By JOHN ARMSTRONG political editor

At first glance, it must have looked like just another tatty piece of cloth.

But something about the dark-blue fabric poking out of the rubble attracted the attention of a diligent New York police officer scouring the ruins of the World Trade Centre on a chill winter's day this year.

The officer took it home, identified it and then handed it to the New Zealand consulate in New York.

Staff were staggered by the find - a ripped and battered New Zealand flag. It will now add a highly poignant touch to the Prime Minister's visit to the United States next week.

The flag will be formally presented to Helen Clark by the New York Police Department in a short ceremony when she visits "Ground Zero" after two days of the highest-level talks in Washington, including a 30-minute meeting with President George W. Bush.

The meeting will effectively end a long period in the political doghouse for Labour prime ministers. David Lange met senior US figures during his term as Prime Minister but he never received an invitation to the White House.

Most of the agenda for Helen Clark's White House meeting will concentrate on the counter-terrorism campaign.

But just as Mr Bush has pulled back on free trade, Helen Clark has edged away from being dragged into his talk of extending the war on terrorism to Saddam Hussein and Iraq.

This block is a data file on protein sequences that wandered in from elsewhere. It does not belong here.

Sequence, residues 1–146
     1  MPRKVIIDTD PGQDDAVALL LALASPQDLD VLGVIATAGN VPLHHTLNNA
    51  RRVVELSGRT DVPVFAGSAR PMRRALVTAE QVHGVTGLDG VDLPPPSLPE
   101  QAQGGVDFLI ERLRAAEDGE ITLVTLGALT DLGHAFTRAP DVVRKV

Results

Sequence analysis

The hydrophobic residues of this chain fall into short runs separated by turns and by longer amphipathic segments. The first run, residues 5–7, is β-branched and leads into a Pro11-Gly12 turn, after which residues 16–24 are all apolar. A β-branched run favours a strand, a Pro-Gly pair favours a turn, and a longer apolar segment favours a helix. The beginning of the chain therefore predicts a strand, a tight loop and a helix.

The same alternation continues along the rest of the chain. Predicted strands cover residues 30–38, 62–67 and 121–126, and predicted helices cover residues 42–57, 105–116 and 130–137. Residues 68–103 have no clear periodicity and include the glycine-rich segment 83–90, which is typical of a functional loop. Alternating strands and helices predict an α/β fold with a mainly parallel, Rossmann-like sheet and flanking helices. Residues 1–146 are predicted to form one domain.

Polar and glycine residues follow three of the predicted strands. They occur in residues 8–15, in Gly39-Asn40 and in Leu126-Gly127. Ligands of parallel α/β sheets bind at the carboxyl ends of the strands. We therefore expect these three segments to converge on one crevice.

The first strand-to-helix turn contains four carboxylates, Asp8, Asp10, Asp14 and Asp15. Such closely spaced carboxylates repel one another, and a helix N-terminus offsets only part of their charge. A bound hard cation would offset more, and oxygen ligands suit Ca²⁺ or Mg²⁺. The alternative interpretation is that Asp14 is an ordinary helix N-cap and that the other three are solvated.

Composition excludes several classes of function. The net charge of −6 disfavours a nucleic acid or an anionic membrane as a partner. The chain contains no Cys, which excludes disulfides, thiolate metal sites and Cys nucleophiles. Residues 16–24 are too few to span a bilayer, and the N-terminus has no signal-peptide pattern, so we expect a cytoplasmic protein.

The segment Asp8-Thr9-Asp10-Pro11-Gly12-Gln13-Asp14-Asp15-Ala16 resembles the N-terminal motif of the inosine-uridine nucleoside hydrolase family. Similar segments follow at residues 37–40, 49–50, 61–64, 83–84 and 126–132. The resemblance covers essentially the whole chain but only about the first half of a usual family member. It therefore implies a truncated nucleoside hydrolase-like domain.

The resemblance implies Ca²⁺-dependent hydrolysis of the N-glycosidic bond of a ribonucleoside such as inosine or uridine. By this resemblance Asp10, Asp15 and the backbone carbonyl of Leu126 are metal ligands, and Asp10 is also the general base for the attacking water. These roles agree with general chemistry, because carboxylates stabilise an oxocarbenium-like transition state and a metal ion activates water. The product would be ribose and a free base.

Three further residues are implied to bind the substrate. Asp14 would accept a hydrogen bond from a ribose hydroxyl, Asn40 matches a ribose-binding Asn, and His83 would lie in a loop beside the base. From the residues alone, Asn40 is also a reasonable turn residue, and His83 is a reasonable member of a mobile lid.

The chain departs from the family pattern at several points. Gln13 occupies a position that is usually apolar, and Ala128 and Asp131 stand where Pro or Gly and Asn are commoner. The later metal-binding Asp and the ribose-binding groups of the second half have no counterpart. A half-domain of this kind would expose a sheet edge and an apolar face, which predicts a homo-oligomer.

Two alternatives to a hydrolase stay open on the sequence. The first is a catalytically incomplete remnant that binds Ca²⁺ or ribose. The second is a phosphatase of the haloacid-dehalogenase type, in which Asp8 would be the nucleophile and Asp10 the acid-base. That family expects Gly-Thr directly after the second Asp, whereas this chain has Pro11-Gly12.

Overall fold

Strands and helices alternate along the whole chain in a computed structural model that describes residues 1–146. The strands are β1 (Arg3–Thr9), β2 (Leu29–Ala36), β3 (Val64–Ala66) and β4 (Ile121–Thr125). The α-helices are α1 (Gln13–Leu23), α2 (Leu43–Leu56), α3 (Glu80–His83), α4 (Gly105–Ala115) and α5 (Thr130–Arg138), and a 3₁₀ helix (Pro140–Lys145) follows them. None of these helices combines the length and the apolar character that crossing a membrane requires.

Another issue is the outstanding difference of opinion over New Zealand's nuclear policy. In advance of Helen Clark's visit, the Americans sounded out Foreign Minister Phil Goff on a possible relaxation of New Zealand's ban on nuclear warships.

To ensure the meeting can be portrayed as a success, nuclear matters will be "corralled off", with the pair agreeing to disagree. Helen Clark will also meet Secretary of State Colin Powell and Bush's National Security Adviser, Condoleezza Rice.

The flag to be presented to the Prime Minister was, said a spokesman for her office, thought to have been hanging alongside other countries' flags in the US Customs House, which was part of the collapsed complex.

A New Zealand passport holder, American John Lozowsky, was among those killed in the terrorist attacks on New York. He lived in New Zealand for about 10 years before moving to New York in 1999.

Getting back on side with the US

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